170,000 People displaced by armed violence in the north-west

News and Press Release
Originally published


(Bossangoa/Bangui, 24 September 2013): More than 170,000 people, half of them children, have fled from their homes over the past two weeks in Ouham province in northwest Central African Republic following clashes between former Séléka rebels, self-defense groups and unidentified armed groups.

The clashes began on 7 September in Bossangoa town and have since spread throughout the province. Villages across the province have been emptied of people and several have been razed to the ground by armed groups.

Over 36,000 of the newly displaced have sought refuge inside the compound of the Bossangoa Catholic Church and at a local school. Others have sought refuge in the bush and are in urgent need of humanitarian relief.

On 19-21 September, a UN-led humanitarian mission visited Bossangoa for the first time since March to assess the situation and the needs of the internally displaced people (IDPs).

“The clashes have instilled a deeply rooted fear and mistrust among the entire population. Since our arrival in Bossangoa, we have had incidents of violence reported every day, including the loss of life,” said Amy Martin, Head of the United Nations Office for the Coordination of Humanitarian Affairs in CAR.

“Civilians are caught in the middle of the fighting and are at the mercy of anyone with a gun. All armed actors should cease hostilities and respect the rights of the civilian population. They must also create conditions for the prompt delivery of humanitarian assistance,” Ms. Martin said.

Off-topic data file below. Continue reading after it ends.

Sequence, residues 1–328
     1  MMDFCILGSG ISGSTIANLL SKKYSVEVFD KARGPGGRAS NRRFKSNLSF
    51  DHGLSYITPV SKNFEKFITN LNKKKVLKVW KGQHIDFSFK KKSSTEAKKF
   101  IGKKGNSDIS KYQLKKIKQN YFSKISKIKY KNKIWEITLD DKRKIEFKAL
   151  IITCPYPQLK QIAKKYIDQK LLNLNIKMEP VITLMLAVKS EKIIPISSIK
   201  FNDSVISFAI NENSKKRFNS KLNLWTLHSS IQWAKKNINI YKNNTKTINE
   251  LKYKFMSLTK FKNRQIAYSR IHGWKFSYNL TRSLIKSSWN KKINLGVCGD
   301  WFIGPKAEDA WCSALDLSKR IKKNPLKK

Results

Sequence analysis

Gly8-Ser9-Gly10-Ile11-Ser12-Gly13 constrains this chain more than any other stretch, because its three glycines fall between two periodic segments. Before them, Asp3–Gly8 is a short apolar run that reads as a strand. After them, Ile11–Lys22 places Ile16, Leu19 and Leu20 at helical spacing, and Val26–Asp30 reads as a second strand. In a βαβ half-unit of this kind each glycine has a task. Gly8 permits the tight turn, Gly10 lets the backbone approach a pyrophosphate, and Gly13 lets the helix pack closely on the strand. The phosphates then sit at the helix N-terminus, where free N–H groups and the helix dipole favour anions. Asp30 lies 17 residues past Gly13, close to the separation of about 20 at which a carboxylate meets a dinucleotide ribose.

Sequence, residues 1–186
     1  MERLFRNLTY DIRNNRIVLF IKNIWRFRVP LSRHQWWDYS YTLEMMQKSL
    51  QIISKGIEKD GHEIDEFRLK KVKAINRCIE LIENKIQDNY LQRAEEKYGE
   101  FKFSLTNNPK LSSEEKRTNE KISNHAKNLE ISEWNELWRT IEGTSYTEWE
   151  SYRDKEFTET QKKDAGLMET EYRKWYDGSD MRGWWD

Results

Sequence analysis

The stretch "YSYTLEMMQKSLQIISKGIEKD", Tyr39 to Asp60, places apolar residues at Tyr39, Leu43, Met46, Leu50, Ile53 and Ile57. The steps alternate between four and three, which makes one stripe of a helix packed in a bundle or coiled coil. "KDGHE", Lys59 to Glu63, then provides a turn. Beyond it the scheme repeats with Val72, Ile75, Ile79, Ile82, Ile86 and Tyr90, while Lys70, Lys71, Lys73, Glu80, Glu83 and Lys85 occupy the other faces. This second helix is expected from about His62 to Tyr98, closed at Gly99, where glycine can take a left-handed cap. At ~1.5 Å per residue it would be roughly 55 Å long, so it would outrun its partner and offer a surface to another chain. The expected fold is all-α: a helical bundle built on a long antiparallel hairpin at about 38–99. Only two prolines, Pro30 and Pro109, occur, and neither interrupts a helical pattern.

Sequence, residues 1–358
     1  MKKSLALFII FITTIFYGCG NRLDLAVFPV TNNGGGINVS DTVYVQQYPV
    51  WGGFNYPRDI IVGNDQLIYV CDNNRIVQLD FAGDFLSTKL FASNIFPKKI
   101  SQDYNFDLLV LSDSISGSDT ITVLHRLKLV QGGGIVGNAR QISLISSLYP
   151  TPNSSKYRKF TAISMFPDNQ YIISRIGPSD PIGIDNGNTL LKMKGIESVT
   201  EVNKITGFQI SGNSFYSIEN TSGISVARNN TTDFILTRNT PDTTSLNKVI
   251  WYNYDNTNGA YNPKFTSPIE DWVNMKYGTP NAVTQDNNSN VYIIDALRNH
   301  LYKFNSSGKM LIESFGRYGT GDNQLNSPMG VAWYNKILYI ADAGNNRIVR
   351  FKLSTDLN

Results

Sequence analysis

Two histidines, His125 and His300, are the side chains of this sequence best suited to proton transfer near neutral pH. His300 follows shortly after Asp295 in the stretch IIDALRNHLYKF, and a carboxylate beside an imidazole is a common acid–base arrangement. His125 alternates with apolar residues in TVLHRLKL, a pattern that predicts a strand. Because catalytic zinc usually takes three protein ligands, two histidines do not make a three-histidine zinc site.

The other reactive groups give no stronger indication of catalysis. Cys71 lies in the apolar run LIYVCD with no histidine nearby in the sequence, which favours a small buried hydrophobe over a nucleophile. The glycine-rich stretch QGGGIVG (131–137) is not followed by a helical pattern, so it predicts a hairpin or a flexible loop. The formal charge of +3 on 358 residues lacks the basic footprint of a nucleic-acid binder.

The UN will maintain a presence in Bossangoa, providing support to people who are urgently in need of clean water, shelter and household items, as well as food. UN agencies left Bossangoa because of insecurity in March 2013, when Séléka rebels seized the town

Since the beginning of the Séléka offensive in December 2012, people throughout CAR have fled their homes for safety. The entire population of 4.6 million, half of them children, is affected by this crisis. As of 24 September, there were 394,900 IDPs in CAR and nearly 61,000 Central Africans have sought refuge in neighbouring countries. NGOs have provided life-saving assistance to the population throughout the crisis in CAR.

Only 37 per cent of the US$195 million requested by the humanitarian appeal for CAR has been raised and additional funding is urgently needed.

UN Office for the Coordination of Humanitarian Affairs
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